“The Charger has an aggressive stance but this is also a car that can blend into the crowd, it doesn’t need to scream at the top of its voice that is left for the engine to do…”
The U.S. capital is an exciting place to be, what with all those presidential comings and goings, crowds gathering near the gates of the White House in the hope of catching a glimpse of the leader of the free world.
But on a recent day, all the exciting action was happening at Summit Point Raceway, about an hour and half away in neighbouring Virginia, where a smaller crowd of journalists got more than a glimpse of the new 2015 Dodge Charger Hellcat.
The first leg of the launch event was held at Ronald Reagan airport, in a hangar cleared to display the entire Charger lineup. They looked like colorful jellybeans scattered in different trim levels ranging from the base V6 model to the R/T models featuring a 5.7L V8, then to the SRT high performance 392 model, and the all-new, for 2015, Hellcat with 707hp.
The 2015 Charger gets an all-new exterior, the only holdover pieces are the roof and rear doors, and the rest is new, more aggressive, sleeker and muscular. The nose now has a less blunt look, with a slimmer headlight design that is meant to look like a bandit, wearing a mask. Each trim has different grille openings and in the case of the high horsepower Hellcat, all the air intakes, scoops and vents not only make the car look more menacing, they all serve a function. The Charger has an aggressive stance but this is also a car that can blend into the crowd, it doesn’t need to scream at the top of its voice that is left for the engine to do.
When the last version of the Charger was refreshed, the focus was on updating the dash to improve the feel of the materials and the overall finish. The 2015 model takes things up a notch, with even more technology and improved style. The dash is covered with an aluminum fascia, which has not migrated to the shifter surround. The shifter too has been updated to a T-style that reminds older drivers of the Charger’s sold in the original muscle car era. The steering wheel is new and has updated switches to control two new screens in the dash. They include a base 5-inch screen in the console or optional 8.4-inch version, plus a standard programmable screen in the instrument cluster for a quick glance when driving. The high performance SRT models get a steering wheel with a flat bottom and heavily bolstered seats for track-ready driving. The real story is that this isn’t a track car, rather a solid family 4-door with room for all passengers.
On the way to the racetrack, I drove the ($39,495) R/T, Hemi equipped Charger over highways and some backcountry roads. This new model has a much more grownup feel and is a fantastic long road trip machine. Passing is a snap but the Charger was happiest at about 130km/h maybe thanks to an all-new 8-speed automatic on all trim levels. Greeting us at the track were 5.7L Hemi cars, the 6.4L V8 Scat Pack model and the new Hellcat with a 6.2L V8 and with a big supercharger bolted on.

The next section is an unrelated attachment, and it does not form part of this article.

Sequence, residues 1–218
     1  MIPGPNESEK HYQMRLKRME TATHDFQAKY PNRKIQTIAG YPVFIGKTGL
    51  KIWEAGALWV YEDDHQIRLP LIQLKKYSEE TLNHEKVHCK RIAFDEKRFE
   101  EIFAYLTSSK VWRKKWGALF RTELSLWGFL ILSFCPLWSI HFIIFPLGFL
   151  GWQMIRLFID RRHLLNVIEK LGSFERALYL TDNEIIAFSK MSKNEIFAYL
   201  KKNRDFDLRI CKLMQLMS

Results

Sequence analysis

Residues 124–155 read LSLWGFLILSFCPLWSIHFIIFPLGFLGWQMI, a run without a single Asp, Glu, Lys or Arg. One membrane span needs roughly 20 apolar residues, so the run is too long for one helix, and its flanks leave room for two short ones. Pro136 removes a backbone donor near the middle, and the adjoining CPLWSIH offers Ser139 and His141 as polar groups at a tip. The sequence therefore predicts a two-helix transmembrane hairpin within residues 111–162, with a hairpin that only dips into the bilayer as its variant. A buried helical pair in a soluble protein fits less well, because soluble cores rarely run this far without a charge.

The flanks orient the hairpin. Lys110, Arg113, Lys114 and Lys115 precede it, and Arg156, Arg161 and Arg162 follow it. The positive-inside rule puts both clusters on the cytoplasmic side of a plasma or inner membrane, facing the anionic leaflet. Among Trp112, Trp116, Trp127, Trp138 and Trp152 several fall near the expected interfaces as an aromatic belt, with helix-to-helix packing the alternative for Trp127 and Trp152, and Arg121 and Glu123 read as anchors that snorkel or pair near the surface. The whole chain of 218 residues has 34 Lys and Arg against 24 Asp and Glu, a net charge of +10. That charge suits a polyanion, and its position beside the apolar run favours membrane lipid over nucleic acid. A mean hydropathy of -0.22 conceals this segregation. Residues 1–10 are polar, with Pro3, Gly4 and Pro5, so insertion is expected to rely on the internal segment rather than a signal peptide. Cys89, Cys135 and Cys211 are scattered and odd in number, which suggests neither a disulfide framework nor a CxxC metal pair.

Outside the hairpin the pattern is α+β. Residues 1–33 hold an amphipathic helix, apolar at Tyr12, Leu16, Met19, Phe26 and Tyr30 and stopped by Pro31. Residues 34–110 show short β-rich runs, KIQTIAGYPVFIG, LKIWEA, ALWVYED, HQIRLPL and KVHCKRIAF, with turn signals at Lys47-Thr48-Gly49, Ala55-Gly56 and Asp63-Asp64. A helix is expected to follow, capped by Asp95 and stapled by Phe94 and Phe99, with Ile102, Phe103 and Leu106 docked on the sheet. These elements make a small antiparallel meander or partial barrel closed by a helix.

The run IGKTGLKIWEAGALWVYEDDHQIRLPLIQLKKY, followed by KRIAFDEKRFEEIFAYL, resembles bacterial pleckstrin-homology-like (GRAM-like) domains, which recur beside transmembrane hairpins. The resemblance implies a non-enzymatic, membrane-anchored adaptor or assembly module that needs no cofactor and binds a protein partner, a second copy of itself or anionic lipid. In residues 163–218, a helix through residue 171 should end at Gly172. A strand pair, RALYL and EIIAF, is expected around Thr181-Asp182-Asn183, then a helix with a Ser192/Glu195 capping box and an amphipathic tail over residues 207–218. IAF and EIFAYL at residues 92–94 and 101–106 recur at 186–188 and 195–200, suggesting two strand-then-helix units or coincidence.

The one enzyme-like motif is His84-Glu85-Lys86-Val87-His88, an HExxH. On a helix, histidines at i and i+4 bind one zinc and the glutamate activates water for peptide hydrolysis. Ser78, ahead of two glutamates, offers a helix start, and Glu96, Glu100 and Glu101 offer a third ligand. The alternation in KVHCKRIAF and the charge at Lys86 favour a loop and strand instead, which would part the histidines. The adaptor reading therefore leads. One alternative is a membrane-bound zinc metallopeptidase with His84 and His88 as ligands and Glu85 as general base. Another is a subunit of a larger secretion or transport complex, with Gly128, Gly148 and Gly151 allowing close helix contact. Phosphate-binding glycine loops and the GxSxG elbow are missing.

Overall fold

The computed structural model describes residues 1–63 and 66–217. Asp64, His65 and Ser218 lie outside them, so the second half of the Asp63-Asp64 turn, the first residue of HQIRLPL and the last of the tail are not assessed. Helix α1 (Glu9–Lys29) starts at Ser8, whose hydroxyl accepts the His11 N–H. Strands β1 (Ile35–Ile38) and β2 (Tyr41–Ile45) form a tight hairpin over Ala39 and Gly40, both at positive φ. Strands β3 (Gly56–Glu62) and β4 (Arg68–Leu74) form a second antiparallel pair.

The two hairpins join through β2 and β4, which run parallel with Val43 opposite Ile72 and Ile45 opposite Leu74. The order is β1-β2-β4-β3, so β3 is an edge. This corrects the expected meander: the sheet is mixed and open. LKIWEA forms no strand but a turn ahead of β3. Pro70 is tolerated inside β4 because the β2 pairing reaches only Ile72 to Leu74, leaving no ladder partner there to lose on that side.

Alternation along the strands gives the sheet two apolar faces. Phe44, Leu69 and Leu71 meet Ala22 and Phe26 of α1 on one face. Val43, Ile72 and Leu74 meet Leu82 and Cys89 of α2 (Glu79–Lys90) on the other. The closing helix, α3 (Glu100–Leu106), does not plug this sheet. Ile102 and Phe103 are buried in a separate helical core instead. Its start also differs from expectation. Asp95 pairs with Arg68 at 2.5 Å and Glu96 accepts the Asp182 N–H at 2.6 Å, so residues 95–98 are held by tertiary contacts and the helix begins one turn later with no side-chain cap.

This engine has 90 per cent of the parts upgraded from the regular engines and each one is put on a forty-minute dyno test before being shipped to the customer. When the supercharger is up to full capacity, this engine will gulp 13,000 litres of air in one minute. I had a chance to drive all the models starting with the least powerful 5.7L with 370hp, then the 485HP 6.4L and continuing the rest of the day with the 707hp Hellcat. Each is very capable on the track but the Hellcat is so much more car, capable of a run to 100km/h in less than four seconds and it can stop with just as much viciousness.
The impressive thing is just how easy this monster is to drive. It needs to be treated with respect but getting on the power or the brakes is very smooth and effortless. The sound from the screaming engine, the Pirelli P-Zero tires squealing under acceleration or diving into each corner was a sensory overload. After dozens of laps around the track with a top speed of 230km/h down the straight, this car is nothing short of amazing. Everything else just feels slow.
The average buyer will still opt for the ($32,495) V6 equipped cars sold with a solid 300hp going to the rear wheels or all wheels, the V8 equipped cars are not offered with AWD any longer. The most amazing, but unspectacular part of the trip was driving the Hellcat back to Washington DC through heavy traffic on the highway and downtown core.
As we pulled up the W Hotel, just a block from the Whitehouse, the 707hp Hellcat returned 9.9L/100km. Nothing short of amazing considering the cars output, but it might come down to the 411 lb.-ft. the engine puts out at just 1200 rpm, allowing it to loaf along effortlessly. This and the $64,495 price tag will get a lot of car fans sitting up and paying attention; the world fastest four-door family car is an amazing engineering marvel and the price is as jaw dropping as the car itself.
Power: 707hp from a supercharged 6.2L V8
Sticker price: $32,496-$64,495